Fine-tuning in foreign policy

Fine-tuning in foreign policy

Turkey has been amending its foreign policy for some time now without much ado. As this has not been part of a public debate and has not come about with fanfare like the “zero problem with neighbors” policy, most people could be forgiven for not noticing the change. However, after the disappointments felt due to the failure of “zero problems” and following “order builder” policies, Turkey has been regrouping and has quietly come up with a new line. The latest visits by Iranian Foreign Minister Javad Zarif to Turkey, by the Iraqi and Turkish foreign ministers, Hoshyar Zebari and Ahmet Davutoğlu, to Turkey and Iraq respectively, and finally by Davutoğlu to the U.S., indicate that a new thinking is up and about.

With the onset of the Arab Spring, Turkey met with dramatic and hitherto unfamiliar challenges in the Middle East. Although an ambitious role of “regional order builder” was mentioned, it ended up in “precious isolation” and failed to produce the desired results. Good neighborly relations, painstakingly created in the decade preceding the Arab Spring, gave way to a rollercoaster relationship with neighbors in the region.

In particular, Syria proved to be a trial. The reluctance of global actors to get involved, the lack of capacity of opposition groups to force al-Assad from power, and the inability of Turkey in channeling them toward a common objective, have created a rather negative narrative and a failing image for Turkey, including accusations of pursuing a sectarian-based foreign policy and supporting groups associated with al-Qaeda.

Relations with Iraq also passed through particularly rocky ground with mutual accusations between Prime Ministers Tayyip Erdoğan and Nouri al-Maliki. Turkey continues to provide asylum to former Iraqi Vice President Tariq al-Hashimi, who has been sentenced to death in Iraq, and its closer ties with the Kurdish Regional Government (KRG), including much discussed energy deals, have created concerns in Baghdad. Divergences about the future of Syria have also caused rifts between the two countries, as well as with Iran. Thus, the latest visits by foreign ministers, which will be followed up by prime ministers, are important steps.

It seems that some sort of deal has been achieved on the energy front and Turkey’s good intentions have been explained with regard to Iraq’s internal affairs. In addition to his official meetings in Baghdad, Foreign Minister Davutoğlu’s visit to Shiite leaders Ali al-Sistani and Muqtada al-Sadr, as well as to Shiite shrines at Najaf and Karbala, indicate Turkey’s search for dialogue with all parties in Iraq.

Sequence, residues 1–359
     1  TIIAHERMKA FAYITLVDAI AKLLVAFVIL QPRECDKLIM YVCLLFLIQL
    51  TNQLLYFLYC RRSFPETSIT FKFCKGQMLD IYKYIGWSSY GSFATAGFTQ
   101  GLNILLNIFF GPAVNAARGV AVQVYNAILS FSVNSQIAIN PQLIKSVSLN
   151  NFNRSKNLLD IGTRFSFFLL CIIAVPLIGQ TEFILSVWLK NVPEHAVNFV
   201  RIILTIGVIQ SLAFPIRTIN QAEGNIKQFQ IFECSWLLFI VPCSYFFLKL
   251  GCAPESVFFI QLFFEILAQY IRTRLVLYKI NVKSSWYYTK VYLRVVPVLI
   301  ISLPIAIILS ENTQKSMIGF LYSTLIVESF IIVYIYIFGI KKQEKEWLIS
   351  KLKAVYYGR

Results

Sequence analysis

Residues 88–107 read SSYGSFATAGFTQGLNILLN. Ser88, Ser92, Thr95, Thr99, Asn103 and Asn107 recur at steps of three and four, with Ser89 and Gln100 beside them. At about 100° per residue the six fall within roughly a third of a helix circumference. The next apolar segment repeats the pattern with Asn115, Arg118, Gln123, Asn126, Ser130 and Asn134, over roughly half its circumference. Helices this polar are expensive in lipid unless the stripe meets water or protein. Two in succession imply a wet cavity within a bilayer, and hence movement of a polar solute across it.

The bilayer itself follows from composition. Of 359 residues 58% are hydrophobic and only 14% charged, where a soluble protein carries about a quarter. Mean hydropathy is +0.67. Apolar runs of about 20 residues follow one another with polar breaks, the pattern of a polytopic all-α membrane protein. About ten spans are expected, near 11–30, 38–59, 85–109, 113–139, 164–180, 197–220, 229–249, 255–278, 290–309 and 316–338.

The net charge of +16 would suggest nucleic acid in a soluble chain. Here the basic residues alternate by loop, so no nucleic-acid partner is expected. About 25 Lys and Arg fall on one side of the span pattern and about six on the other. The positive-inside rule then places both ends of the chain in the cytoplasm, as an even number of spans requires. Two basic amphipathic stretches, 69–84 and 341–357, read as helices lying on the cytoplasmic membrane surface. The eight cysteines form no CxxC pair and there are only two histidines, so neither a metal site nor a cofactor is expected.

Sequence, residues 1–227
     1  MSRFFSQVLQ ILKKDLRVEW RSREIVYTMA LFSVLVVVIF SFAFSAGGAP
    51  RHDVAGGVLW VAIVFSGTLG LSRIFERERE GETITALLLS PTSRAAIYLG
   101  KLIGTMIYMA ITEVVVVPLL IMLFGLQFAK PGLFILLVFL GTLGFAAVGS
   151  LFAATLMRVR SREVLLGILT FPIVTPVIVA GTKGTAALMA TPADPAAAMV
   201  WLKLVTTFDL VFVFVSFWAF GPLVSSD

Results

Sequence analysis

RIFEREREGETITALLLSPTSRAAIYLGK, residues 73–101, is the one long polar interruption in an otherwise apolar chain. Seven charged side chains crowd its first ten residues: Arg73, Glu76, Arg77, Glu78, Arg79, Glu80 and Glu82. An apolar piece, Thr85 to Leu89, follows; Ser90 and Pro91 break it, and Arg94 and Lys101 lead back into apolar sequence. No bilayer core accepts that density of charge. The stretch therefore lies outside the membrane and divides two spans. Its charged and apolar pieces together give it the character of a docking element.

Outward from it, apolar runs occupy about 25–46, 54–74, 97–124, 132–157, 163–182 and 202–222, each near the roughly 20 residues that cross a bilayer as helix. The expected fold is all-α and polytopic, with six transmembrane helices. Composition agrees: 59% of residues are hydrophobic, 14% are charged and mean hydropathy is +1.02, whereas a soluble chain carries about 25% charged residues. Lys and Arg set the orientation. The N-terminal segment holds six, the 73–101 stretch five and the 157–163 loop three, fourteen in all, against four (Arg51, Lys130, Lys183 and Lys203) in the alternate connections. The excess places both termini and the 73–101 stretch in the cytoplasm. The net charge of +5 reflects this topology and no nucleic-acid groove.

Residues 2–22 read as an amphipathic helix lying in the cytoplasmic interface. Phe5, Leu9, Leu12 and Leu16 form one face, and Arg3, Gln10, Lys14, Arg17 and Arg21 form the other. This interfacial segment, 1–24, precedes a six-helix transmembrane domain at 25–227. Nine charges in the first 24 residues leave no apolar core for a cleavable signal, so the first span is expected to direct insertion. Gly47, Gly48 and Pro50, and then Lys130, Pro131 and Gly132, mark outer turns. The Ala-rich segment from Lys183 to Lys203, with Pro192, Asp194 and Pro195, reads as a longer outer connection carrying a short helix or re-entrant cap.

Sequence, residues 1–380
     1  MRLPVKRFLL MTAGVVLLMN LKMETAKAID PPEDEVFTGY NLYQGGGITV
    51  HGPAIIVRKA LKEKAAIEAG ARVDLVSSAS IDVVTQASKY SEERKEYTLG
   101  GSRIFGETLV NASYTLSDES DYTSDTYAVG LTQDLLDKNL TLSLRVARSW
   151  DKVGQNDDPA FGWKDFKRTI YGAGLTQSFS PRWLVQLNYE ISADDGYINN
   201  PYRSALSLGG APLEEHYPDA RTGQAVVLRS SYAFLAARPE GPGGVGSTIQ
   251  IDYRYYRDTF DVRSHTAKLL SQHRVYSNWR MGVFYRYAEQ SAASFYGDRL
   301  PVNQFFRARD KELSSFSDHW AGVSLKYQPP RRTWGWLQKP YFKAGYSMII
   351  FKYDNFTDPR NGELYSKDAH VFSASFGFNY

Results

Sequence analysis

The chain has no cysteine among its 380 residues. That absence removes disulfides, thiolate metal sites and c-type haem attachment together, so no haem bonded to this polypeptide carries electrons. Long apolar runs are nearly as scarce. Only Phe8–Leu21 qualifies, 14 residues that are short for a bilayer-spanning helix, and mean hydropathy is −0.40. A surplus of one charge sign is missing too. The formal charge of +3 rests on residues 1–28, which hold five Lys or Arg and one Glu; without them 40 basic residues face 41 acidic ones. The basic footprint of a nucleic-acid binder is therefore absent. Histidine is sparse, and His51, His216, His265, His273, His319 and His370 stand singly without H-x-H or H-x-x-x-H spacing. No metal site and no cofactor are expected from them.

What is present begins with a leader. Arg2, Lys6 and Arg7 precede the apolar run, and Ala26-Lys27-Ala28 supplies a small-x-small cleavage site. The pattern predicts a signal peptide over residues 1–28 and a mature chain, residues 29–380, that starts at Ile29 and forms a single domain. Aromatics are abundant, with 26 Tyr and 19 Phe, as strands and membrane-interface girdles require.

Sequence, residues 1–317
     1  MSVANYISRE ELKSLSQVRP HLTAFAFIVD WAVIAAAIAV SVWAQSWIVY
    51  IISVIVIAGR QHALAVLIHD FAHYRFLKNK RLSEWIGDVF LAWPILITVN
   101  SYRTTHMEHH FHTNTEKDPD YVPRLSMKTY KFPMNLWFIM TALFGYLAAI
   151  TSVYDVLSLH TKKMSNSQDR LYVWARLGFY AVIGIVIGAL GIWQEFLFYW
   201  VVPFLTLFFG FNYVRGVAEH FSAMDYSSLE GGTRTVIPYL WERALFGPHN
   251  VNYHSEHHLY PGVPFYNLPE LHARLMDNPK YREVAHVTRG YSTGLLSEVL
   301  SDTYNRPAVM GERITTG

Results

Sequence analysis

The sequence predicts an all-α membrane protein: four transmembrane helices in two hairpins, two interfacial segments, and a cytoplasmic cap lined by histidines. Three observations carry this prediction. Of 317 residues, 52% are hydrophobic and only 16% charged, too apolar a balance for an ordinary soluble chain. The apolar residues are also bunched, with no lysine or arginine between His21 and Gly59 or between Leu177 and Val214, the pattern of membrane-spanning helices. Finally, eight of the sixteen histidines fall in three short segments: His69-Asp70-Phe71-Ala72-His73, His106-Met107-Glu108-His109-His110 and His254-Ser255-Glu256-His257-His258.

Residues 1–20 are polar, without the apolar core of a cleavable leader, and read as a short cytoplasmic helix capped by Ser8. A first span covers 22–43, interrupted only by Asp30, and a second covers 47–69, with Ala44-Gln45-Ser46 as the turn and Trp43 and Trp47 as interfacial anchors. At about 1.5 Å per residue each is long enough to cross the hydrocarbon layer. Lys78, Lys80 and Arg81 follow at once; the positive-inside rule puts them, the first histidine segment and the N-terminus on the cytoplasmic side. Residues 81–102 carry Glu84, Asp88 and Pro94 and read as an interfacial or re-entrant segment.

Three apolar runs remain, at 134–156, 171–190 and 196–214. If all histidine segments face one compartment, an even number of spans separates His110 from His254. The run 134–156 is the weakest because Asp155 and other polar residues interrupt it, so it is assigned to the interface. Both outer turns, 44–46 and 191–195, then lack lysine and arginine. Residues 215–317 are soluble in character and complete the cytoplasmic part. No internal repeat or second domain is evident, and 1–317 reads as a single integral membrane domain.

On the Iranian front, Turkey’s decisions to host parts of NATO’s nuclear defense system, to deploy Patriot missiles on the Syrian border, and diverging policies regarding Syria, have impacted the relationship. Although there has been hopes of mending ties since the election of Hassan Rouhani to the Iranian presidency, the timing of normalization between Turkey and its Middle Eastern neighbors and Foreign Minister Davutoğlu’s visit to Washington on Nov 17-18 is thought provoking. The relations between the two countries have been rather tenuous since Prime Minister Erdoğan’s visit to the U.S. in May, as a result of unresolved Turkish-Israeli tension, diverging policies in Syria and Egypt, and the government’s response to the Gezi Park protests during the summer. Among many issues, the Middle East no doubt took up much of the time in discussions, and the two countries had an opportunity to further align their positions.

International actors in the Middle East regularly find themselves on slippery ground. Turkey
experienced such an unbalancing shake up after 2011 with its biased approach toward regional actors.
It seems that it is now finding firmer ground with a more nuanced approach and a fine-tuning in its foreign policy.